Neither Old Nor Young

The other afternoon on vacation we wound up at a café in downtown Lewisburg, Pennsylvania. It was the day before the hurricane was set to strike and I really wanted some fresh air. I was in the middle of a country-type meltdown and warned my husband ‘I had to get out of the house that minute’. I recognized that familiar creeping sadness feeling that day. The skies were gray, no one wanted to leave the house but me, but every noise was grating on my nerves. The temperature was all wrong, the lighting too harsh, and so, we left. Lewisburg is one of my favorite little towns in Central PA. It’s a college town and something about being surrounded by other young people revives me. It was fun to sit in the café and watch all the young freshman and sophomores come in, some upper classmen and teachers as well. They were stressing out about classes, in that way that seems really cute and trivial now. There was a lot of “OMIGOD” and “NO WAY” and cursing and flirting; it was beautiful. I love to watch the young relationships. They seem so awkward, unsure whether to hold hands over breakfast. You can tell the ones that had sex the night before (or even that morning) were a bit chummier with each other, sitting on the same side of the table, whispering inside jokes, her hand on his thigh, his behind her back, tickling her long hair.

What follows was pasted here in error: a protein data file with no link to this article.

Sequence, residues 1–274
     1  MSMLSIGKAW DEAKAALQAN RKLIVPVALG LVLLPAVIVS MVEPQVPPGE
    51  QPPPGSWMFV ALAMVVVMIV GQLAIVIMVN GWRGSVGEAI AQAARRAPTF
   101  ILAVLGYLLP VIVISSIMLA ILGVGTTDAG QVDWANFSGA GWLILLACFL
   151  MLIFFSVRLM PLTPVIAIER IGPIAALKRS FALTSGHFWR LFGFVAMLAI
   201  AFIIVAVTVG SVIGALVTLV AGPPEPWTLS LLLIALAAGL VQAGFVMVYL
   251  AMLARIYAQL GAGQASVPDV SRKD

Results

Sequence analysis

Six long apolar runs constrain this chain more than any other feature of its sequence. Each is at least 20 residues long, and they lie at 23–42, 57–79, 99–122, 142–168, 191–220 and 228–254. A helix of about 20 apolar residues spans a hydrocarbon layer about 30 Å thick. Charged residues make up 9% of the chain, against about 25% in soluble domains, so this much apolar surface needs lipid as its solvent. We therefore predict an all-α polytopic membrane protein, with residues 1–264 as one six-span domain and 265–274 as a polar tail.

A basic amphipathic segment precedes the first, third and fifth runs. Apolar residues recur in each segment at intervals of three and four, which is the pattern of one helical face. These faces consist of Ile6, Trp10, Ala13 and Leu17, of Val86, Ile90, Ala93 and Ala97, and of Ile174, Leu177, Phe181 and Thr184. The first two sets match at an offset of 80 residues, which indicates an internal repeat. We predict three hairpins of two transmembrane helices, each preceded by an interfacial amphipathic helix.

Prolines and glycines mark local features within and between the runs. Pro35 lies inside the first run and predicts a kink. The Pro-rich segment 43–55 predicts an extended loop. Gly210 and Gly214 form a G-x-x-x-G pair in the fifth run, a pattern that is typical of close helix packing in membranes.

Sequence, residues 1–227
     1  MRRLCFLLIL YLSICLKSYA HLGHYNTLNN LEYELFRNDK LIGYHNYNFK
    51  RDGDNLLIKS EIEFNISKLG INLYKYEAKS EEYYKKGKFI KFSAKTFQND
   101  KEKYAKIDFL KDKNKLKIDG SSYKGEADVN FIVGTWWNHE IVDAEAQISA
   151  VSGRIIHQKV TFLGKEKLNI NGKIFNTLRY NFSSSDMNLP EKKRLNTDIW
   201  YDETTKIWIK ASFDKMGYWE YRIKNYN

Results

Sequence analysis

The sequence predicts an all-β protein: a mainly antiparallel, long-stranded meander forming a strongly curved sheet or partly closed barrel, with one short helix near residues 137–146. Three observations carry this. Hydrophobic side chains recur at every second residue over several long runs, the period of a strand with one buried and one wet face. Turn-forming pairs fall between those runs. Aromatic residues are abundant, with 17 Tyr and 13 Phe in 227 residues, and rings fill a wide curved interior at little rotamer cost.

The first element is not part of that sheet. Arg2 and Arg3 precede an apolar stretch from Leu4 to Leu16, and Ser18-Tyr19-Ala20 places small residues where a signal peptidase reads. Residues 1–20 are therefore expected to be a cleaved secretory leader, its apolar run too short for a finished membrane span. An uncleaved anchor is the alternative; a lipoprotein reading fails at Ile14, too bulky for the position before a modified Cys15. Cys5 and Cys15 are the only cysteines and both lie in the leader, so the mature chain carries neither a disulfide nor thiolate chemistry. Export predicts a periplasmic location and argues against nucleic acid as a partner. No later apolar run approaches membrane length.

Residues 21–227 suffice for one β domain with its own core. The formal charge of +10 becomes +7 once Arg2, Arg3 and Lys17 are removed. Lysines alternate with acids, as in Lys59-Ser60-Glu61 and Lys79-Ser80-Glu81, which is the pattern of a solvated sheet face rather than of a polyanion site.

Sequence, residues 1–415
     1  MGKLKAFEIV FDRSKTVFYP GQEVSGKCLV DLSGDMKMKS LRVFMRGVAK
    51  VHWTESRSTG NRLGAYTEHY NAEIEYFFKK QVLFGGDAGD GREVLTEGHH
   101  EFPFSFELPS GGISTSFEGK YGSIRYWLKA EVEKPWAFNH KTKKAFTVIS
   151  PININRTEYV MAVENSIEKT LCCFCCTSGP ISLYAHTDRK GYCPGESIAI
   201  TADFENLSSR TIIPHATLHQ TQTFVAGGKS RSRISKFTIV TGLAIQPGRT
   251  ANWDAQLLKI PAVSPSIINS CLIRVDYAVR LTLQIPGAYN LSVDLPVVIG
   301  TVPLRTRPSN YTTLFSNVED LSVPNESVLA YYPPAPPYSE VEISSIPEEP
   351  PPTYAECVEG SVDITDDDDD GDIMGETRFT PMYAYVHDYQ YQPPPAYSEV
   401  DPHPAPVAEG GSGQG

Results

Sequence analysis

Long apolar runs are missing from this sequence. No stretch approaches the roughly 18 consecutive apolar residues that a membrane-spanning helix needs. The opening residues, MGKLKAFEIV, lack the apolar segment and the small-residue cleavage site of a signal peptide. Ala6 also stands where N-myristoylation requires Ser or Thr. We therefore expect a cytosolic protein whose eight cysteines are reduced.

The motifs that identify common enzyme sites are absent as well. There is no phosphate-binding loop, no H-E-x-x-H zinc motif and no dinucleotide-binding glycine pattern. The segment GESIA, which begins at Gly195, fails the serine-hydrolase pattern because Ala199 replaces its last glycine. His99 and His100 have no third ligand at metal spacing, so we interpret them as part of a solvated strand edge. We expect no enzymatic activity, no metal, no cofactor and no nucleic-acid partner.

It was so refreshing after being surrounded by my in-laws all weekend. My husband is seven years older than I am, and he’s the younger sibling, so that makes most of his family a full decade ahead of me in life. I often feel out of place, in more than just pop culture references, although those happen too. Sometimes it leaves me with the feeling of “I shouldn’t be here”. That somehow there is this magical land of cool twenty-somethings (Brooklyn maybe?) that I should be with. My people. Instead, having kids so young and being married with a mortgage lumps me in with the elderly. I don’t fit in anywhere. Not with the old, and not with the young, but I recognize that they both have their advantages. I try to listen to my mother-in-law’s stories and marvel at how different things were for her, and I try to remember that I’m not doing so poorly. And I look at the college students, and while I envy their spontaneity, I don’t envy the drama and emotion. I remember those college heartbreaks, full of deep tears and jealousy and resentment. I rarely feel those types of emotions in that type of setting anymore. Instead I feel guilt and fear more often related to being a mother. Guilt that I am doing it all wrong, and fear that it will affect him forever.